Forms Printing – all types of forms available
NCR (No Carbon Required) Forms can be designed from scratch, or your existing NCR forms can be re-set if you don’t have the artwork.
NCR Forms can also be padded (pads of 50, 100 etc.) or left as loose sets, and also numbered if required. Your artwork can also be offset, to leave room for hole punching down the sides.
To keep costs down, forms printing is generally done in 1 or more Pantone© spot colours however, 4 colour forms (CMYK) are available also.
If your existing logo is 2 or more colours, then it might be worth considering using your logo as a single colour for your NCR forms printing. This will help to keep the costs down. Your logo can be converted to a single colour, usually at no extra cost.
If space is an issue at your premises (and you’d prefer to place a larger order to take advantage of bulk buying discounts) then storing the bulk of your order at your printers’ premises, and calling off smaller consignments as and when you need them, may be the most cost effective way of buying your printed forms.
NCR forms reflect the quality of your business so it’s worth getting them just right.
If your requirement is for Continuous Forms (for feeding through a dot-matrix printer) then please click here for more info: Continuous Computer Forms
Forms Printing FAQ’s
For an in-depth explanation see here: Spot & Process Colours Explained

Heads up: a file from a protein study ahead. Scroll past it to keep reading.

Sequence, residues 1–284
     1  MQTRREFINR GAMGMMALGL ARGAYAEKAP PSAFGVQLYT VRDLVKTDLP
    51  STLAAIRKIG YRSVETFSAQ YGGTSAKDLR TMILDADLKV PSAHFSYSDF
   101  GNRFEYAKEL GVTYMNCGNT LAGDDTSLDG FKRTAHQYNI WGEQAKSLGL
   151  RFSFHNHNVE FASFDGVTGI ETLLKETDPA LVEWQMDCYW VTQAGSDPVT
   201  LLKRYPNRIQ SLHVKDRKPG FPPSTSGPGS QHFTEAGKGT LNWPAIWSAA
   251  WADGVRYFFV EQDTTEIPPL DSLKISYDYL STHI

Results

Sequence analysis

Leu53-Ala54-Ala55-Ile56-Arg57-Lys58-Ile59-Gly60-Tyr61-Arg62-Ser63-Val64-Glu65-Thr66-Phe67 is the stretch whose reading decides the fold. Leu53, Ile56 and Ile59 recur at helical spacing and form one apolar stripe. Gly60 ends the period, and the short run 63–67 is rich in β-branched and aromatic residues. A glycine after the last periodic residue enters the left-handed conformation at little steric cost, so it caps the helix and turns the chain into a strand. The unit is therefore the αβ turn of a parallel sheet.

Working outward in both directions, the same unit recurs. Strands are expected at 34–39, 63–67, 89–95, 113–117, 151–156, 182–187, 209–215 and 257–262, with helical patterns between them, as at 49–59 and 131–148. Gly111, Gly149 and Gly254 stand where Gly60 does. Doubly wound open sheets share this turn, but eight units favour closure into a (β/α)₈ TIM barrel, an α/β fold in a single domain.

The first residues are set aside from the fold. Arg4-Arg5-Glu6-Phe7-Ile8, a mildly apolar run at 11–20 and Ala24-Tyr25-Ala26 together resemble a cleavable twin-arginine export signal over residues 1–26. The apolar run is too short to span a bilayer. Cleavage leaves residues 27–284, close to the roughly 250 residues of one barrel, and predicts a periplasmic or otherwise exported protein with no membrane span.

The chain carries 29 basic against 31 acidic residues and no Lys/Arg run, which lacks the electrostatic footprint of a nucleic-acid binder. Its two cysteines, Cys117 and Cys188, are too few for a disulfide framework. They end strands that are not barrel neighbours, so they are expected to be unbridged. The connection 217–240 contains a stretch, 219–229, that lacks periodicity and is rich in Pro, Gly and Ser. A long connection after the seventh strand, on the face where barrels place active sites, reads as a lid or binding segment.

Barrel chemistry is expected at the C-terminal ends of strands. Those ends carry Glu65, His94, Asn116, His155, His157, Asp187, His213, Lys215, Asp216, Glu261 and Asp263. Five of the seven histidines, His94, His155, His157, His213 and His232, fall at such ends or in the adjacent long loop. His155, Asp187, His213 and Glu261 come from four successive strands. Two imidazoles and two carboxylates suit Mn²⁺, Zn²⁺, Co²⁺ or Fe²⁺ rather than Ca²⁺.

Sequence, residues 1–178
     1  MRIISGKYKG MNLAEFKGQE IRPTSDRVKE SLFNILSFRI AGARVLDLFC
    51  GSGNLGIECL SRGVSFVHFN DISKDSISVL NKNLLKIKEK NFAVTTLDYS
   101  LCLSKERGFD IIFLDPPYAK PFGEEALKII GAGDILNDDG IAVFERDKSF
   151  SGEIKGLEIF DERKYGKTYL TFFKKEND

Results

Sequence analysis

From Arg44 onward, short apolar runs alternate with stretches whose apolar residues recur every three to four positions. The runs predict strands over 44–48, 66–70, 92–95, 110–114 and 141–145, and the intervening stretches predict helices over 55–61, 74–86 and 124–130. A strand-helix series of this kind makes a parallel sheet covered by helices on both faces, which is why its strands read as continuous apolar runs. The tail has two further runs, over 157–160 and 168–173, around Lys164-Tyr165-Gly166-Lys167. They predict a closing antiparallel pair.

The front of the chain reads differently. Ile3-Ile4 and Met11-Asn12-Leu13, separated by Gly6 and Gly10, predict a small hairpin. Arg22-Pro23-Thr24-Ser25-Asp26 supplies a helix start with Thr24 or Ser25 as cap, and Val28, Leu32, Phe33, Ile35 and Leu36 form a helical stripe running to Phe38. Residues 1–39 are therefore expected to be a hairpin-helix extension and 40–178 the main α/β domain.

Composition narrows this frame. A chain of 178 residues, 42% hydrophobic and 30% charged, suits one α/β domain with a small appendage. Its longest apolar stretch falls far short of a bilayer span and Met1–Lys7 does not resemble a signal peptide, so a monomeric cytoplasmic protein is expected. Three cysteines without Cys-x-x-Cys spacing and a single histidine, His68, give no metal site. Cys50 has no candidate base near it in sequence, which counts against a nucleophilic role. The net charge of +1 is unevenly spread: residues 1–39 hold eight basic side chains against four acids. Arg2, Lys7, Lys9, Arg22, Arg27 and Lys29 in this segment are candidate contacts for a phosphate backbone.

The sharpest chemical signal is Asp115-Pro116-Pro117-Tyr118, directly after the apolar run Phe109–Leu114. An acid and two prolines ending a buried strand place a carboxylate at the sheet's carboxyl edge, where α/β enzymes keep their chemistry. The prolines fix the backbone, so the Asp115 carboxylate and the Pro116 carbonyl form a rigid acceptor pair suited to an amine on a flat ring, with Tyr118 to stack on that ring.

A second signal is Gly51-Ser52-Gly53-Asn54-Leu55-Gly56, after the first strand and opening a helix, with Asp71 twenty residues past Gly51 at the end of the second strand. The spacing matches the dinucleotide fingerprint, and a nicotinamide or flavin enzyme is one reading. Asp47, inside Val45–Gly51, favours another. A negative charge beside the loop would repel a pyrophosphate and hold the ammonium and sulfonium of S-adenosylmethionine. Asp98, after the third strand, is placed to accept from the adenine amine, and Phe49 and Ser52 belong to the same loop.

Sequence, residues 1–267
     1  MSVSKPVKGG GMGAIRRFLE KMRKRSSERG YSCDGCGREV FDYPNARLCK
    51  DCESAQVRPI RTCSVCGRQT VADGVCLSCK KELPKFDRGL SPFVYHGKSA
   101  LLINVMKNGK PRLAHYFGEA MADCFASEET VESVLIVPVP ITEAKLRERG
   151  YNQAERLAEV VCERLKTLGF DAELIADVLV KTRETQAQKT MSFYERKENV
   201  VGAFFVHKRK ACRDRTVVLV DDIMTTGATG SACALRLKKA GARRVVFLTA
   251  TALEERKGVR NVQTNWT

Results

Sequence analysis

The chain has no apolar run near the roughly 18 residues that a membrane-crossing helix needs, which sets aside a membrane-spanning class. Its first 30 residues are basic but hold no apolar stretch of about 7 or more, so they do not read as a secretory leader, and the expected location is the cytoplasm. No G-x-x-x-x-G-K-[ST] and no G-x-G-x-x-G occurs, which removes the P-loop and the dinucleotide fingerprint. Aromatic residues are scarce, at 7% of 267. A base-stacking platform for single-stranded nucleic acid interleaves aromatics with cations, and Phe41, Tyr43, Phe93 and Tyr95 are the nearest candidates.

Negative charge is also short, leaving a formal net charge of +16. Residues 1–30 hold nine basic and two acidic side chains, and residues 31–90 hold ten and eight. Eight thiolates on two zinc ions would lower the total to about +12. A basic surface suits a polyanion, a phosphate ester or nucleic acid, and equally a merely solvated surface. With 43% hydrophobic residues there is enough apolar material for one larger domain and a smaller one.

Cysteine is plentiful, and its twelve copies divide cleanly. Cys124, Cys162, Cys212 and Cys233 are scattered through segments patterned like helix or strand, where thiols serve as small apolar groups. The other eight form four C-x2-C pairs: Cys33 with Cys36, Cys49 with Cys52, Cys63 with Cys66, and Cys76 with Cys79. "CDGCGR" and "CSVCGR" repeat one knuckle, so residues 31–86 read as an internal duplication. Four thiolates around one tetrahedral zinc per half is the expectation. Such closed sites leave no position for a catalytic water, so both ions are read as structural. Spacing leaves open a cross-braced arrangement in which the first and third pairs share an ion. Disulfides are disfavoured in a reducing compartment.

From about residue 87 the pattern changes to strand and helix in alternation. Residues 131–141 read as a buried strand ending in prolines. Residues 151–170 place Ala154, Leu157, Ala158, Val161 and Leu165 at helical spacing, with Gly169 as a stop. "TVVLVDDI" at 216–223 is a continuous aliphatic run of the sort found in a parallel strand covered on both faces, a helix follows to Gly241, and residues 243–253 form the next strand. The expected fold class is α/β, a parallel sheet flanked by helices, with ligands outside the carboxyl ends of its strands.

Generally, no! Some colours are fairly representative whereas others are a long way off. The monitor you view your proof on is a device that mixes colours using red, green and blue (RGB). Without getting too technical, if your monitor has not been calibrated to display a Pantone® colour, then it’s unlikely you will see an accurate representation.
If choosing one or more specific spot colours (for branding purposes etc.) then it’s essential the colours are chosen from a printed Pantone® swatch, unless you know your screen is accurately calibrated.
An example – if you were to select Pantone® Violet in your graphics program, it’s very likely that this will show as a ‘blue’ onscreen. If you were then to look at Pantone® Violet in a Pantone® swatch you’ll see that the true colour is actually a rich purple. It follows that if you’d selected this colour for your design from what you see onscreen (blue), then it’s very likely that you won’t be happy with the final printed results (purple).
Please visit this page for more info: Legal Stuff For Stationery